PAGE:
Fsck − The unix† File System Check Program

Updates to the file system

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2.5. Updates to the file system
Every working day hundreds of files are created, modified, and removed. Every time ale is modi-
fied, the operating system performs a series of file system updates. These updates, when written on disk,
yield a consistent file system. The file system stages all modifications of critical information modification can either be completed or cleanly backed out after a crash. Knowing the information that is first written to the file system, deterministic procedures can be developed to repair a corrupted file system. To understand this process, the order that the update requests were being honored must first be understood.
When a user program does an operation to change the file system, such as a write, the data to be written is copied into an internal in-core buffer in the kernel. Normally, the disk update is handled asynchronously the user process is allowed to proceed even though the data has not yet been written to the disk.
The data, along with the inode information reflecting the change, is eventually written out to disk. The real disk write may not happen until long after the write system call has returned. Thus at any given time, the
file system, as it resides on the disk, lags the state of the file system represented by the in-core information.
The disk information is updated tore ect the in-core information when the buffer is required for another use, when a sync(2) is done (at 30 second intervals) by /etc/update(8), or by manual operator intervention with the sync(8) command. If the system is halted without writing out the in-core information, the
file system on the disk will be in an inconsistent state.
If all updates are done asynchronously, several serious inconsistencies can arise. One inconsistency is that a block maybe claimed by two inodes. Such an inconsistency can occur when the system is halted

File System Check Program
before the pointer to the block in the old inode has been cleared in the copy of the old inode on the disk,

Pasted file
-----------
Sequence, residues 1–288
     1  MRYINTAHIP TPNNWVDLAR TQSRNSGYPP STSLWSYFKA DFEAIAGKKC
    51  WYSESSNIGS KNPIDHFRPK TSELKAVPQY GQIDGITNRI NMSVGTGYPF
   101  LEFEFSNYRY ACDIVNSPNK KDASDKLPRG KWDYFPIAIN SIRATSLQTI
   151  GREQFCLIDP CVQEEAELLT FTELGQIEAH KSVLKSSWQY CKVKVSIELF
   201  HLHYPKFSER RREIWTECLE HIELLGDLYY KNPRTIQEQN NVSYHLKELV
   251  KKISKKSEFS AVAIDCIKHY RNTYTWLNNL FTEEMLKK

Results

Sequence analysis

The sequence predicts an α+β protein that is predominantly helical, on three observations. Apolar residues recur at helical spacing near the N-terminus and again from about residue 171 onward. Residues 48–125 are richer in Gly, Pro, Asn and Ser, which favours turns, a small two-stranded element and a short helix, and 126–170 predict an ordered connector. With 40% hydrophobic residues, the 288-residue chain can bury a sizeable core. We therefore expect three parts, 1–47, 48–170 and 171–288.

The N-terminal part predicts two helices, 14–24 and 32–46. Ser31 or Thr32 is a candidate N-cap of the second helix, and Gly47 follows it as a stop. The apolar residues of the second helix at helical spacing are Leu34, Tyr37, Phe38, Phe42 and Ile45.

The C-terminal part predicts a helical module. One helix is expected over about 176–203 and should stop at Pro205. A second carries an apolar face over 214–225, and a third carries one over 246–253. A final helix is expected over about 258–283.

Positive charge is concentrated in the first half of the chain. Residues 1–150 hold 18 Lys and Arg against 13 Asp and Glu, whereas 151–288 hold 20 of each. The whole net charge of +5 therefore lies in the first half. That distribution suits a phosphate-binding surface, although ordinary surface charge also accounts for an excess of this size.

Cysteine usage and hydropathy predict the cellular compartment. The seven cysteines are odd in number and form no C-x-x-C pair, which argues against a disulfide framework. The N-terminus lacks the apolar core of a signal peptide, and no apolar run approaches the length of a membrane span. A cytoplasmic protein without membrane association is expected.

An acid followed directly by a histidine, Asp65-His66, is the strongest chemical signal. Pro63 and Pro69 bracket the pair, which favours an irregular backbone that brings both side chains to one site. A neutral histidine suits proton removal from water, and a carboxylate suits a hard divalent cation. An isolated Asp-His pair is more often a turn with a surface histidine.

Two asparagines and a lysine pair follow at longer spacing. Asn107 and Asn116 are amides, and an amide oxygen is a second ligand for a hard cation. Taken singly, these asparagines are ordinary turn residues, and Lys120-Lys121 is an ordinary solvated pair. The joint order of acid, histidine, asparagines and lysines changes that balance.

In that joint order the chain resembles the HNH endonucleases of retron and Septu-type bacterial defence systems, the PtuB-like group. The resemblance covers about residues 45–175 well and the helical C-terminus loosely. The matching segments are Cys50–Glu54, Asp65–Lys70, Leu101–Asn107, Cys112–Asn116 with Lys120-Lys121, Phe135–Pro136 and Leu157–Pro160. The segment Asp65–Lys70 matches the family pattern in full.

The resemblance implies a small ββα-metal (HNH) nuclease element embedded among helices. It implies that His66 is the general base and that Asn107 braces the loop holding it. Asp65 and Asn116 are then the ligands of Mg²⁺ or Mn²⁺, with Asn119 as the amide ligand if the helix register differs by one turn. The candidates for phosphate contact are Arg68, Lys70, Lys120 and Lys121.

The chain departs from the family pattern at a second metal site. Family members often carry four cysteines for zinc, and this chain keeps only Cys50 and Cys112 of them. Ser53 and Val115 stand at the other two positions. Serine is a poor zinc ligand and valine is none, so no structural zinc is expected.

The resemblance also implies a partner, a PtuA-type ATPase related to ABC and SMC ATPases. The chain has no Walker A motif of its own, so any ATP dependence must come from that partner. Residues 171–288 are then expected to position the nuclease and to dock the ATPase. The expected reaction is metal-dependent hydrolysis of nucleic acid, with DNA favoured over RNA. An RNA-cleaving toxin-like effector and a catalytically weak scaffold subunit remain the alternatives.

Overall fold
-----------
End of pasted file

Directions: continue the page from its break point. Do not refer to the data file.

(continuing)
and after the pointer to the block in the new inode has been written out to the copy of the new inode on the disk. Here, there is no deterministic method for deciding which inode should really claim the block. A
similar problem can arise with a multiply claimed inode.
The problem with asynchronous inode updates can be avoided by doing all inode deallocations synchronously. Consequently, inodes and indirect blocks are written to the disk synchronously (i.e. the process blocks until the information is really written to disk) when they are being deallocated. Similarly inodes are kept consistent by synchronously deleting, adding, or changing directory entries.

Fsck − the unix file system check program
Table of contents
Can’t stat fcan’t make sense out of name
Impossible minfree=
Magic number wrong
Can not read blk
Partially truncated inode
Link count table overflow (continue)
Excessive bad blks
Bad state ddd to blkerr
Partially allocated inode i=
Root inode unallocated (allocate)
Cannot allocate root inode
I out of range i=
Zero length directory i=
Directory corrupted i=
Missing ‘.’ i=
Extra ‘.’ entry i=
Missing ‘..’ i=
Extra ‘..’ entry i=
Bad state s for root inode
No lost+found directory (create)
Sorry. cannot create lost+found directory
Sorry. no space in lost+found directory
Directory f length
Unref file i=
No space left in /lost+found (expand)
Link count type i=

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